Seven educators and a school resource officer from Bowling Green recently got to taste the military experience, complete with real ammunition and drill instructors shouting in their faces.
Unlike young people who enter the military, these eight were invited by the U.S. Marines Corps under a special educational program to receive a behind-the-scenes look at boot camp in Parris Island, S.C.
Karen Manley and Chris Decker agree that everything the Marine drill instructors ask the new recruits to do during their 13 weeks of training has a purpose. Manley and Decker, along with Dusty Croft, Chris Gage, Beth Marshall, Kami Howard and Angie Anderson from Warren County Public Schools and Warren County Sheriff’s Deputy Glenn Woodard, school resource officer at Warren Central High School, spent four days this month watching recruits being put through their paces at Parris Island.
The2:36 PM 1/19/2013 educators got to fire an M16 rifle and to hear the rapid-fire yelling by the energetic DIs. Unlike the recruits who bedded in barracks, the local people slept in a hotel and didn’t have to undergo the intense physical tests those Marines-to-be performed minute to minute prior to their graduation. While the recruits sweated and performed under the intense scrutiny of drill instructors, the educators and the deputy got to watch along the sidelines.
“I felt like I was at the zoo with my face pressed up against the glass,” said Manley, 42, program assistant for the Warren Central High School Youth Services Center.
“It was unreal,” said Decker, 44, athletic director at South Warren High School. “It was a great week.”
“Everything that they do during that 13-week process is for a reason, and I did not know that,” Manley said. “They want them to come home (after their tours).”
“I loved it,” said Anderson, 40, guidance counselor at Warren East High School. Her maternal grandfather, Paul Pruett, went through Parris Island years ago. “I have an appreciation for the military,” she said. The former girls basketball coach at Warren East got the lowdown on what to expect from her father, Dale Anderson, a Vietnam veteran.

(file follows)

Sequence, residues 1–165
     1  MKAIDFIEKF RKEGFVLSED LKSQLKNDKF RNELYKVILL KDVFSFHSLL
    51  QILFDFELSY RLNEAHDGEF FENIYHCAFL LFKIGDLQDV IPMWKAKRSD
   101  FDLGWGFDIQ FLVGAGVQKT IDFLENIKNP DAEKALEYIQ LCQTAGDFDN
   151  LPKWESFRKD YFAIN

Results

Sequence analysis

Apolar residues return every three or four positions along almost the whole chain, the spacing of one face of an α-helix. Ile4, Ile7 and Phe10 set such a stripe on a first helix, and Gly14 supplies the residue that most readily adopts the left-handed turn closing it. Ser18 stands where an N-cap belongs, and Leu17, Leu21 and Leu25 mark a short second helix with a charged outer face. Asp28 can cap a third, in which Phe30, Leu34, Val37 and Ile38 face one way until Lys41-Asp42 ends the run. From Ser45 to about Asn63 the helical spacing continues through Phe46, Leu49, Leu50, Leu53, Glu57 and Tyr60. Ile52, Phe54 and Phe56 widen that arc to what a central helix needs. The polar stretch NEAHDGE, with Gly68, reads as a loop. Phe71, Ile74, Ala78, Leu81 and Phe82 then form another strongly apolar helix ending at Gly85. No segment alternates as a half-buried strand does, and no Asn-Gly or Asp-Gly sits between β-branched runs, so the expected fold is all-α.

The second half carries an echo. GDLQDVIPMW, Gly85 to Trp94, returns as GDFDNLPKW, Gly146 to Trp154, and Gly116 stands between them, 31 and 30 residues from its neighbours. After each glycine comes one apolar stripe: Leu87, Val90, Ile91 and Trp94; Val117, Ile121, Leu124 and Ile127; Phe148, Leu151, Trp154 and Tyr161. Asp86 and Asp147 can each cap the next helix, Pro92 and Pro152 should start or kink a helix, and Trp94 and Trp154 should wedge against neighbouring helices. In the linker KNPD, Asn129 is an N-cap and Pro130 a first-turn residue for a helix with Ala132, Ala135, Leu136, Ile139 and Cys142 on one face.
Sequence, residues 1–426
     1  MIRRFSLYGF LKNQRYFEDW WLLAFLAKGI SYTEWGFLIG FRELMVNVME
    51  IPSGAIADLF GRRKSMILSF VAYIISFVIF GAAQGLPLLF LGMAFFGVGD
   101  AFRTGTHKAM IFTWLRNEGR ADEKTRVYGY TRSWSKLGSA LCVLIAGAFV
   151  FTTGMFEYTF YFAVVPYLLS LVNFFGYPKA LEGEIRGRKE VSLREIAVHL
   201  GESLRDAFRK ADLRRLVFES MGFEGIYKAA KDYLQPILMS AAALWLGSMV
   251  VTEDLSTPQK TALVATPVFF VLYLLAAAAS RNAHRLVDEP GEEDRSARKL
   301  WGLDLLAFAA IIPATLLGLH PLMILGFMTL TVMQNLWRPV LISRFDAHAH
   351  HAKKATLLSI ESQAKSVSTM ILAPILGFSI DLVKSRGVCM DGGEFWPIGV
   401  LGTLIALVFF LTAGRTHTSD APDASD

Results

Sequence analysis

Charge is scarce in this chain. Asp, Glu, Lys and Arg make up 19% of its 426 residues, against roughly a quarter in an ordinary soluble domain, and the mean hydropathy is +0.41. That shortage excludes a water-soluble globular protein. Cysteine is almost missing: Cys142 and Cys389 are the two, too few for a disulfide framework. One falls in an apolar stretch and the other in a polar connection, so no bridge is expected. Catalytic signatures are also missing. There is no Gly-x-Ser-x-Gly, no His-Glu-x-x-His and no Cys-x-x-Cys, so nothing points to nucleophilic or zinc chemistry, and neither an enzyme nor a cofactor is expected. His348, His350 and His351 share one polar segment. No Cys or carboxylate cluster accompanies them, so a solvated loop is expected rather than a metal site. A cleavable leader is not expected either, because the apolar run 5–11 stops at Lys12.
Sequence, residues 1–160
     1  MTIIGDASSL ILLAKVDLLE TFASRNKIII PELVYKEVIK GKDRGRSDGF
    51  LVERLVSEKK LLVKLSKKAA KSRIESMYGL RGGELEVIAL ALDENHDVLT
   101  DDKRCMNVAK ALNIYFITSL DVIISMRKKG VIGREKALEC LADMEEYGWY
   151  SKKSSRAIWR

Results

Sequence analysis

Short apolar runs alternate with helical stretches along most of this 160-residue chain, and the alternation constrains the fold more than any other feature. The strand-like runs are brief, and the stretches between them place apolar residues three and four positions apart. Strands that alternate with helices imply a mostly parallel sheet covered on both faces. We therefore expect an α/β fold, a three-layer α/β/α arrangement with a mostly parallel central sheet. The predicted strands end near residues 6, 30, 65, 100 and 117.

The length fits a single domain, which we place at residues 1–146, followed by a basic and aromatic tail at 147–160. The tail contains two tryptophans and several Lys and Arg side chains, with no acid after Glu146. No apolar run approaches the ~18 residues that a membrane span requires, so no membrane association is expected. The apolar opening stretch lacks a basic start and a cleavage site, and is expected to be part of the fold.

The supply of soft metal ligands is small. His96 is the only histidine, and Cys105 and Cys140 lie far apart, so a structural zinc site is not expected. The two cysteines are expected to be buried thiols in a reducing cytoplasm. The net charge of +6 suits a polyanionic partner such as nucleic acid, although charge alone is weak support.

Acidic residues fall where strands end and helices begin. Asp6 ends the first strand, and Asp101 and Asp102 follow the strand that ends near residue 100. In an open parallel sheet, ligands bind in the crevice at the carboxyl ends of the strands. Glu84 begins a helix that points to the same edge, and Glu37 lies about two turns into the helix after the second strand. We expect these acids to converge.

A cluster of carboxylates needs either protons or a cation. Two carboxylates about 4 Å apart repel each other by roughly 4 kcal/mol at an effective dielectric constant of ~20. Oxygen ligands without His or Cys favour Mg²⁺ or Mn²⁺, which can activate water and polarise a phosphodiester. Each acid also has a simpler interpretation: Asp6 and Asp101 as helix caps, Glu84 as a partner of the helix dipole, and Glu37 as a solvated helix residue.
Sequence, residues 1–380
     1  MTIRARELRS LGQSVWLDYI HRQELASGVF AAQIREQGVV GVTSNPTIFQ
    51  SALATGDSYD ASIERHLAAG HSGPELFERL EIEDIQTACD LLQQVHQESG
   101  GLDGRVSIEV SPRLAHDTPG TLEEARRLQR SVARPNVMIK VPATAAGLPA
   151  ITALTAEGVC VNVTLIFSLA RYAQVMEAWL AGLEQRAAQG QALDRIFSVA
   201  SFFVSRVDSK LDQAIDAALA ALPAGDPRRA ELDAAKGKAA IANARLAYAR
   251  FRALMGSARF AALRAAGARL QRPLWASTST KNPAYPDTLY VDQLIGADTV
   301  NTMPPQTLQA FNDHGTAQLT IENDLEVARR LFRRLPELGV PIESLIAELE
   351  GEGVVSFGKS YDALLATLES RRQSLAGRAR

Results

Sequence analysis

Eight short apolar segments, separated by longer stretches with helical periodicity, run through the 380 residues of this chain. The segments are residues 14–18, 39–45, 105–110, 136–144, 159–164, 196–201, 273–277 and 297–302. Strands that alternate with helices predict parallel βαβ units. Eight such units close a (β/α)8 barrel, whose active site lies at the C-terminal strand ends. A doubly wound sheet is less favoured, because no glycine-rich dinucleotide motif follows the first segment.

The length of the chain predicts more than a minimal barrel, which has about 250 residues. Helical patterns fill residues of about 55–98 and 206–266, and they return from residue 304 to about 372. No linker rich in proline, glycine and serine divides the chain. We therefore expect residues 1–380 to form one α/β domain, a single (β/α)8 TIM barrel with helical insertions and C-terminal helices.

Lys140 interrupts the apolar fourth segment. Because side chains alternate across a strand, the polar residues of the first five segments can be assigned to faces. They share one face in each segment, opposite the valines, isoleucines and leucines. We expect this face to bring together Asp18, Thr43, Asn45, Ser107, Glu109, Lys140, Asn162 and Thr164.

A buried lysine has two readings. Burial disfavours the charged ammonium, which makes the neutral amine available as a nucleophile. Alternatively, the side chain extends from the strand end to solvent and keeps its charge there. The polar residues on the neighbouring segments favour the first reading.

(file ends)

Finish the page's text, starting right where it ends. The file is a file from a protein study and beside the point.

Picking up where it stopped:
“This helped me learn about the type of student who would be a good recruit for the Marines,” said Anderson, who is in her first year as a guidance counselor at Warren East after 15 years teaching social studies there and coaching.
“If I had a son 17, 18 years old, I would have no problem sending my son to Parris Island,” Decker said.
Croft and Gage are from South Warren, and Marshall teaches U.S. history at Warren Central. Howard is a physical education teacher at Warren East.
“I really enjoyed it,” Marshall said. “It really opened my eyes to all the options offered in the military and how the military can be the springboard to a career.”
Decker said he admired the forthright approach by the Marine trainers. “They look you right in the eye,” he said.
The educators, among 90 people from the Louisville and Cleveland recruiting districts, arrived at Parris Island in the early morning hours of Jan. 8. During their stay through Jan. 11, the Marines referred to them as “this educator,” and that’s how they responded to the drill instructors.
“The level of discipline that is taught is incredible,” Manley said.
Decker said he expected – and received – some yelling, but even knowing that it was going to happen still did not prepare him for how physically and mentally exhausting the experience is. And that’s just a small dose compared to what the recruits receive.
“We looked like the ‘Bad News Bears,’ ” Manley said. “I knew at the end of the day I was going back to the Holiday Inn.”
During a tour of the barracks, Manley ran her hand along the top of a mattress. “It was all springs,” she said, adding that the recruits had to endure hardship since they might be sleeping on the ground with no mattress or pillow in a foreign land someday.
The educators got to fire the M16. Decker, who hunts with a Winchester .30-.30 rifle, said he didn’t do too bad. Manley, who doesn’t hunt at all or target shoot, said she got a 90 on the simulator but didn’t hit the target during the live fire exercise.
Marshall said she hit one of the 20 targets in the live ammo test. Having not picked up a gun since she was a young teen in conservation camp, Marshall said she was pleased with the effort.
Manley said “The Crucible,” a 54-hour hike and physical test for the recruits just prior to graduation, was something to see. It’s the only time the Marines train co-ed. “They take them out at 2 a.m. and they hike,” she said. “They only got four hours of sleep a night.”
Marshall said the trip was an opportunity for her to see that many things people say about the U.S. Marines aren’t true.
“I got to debunk some myths,” she said. “They earn the title of a warrior. It was a very humbling experience for me.”
Distributed by MCT Information Services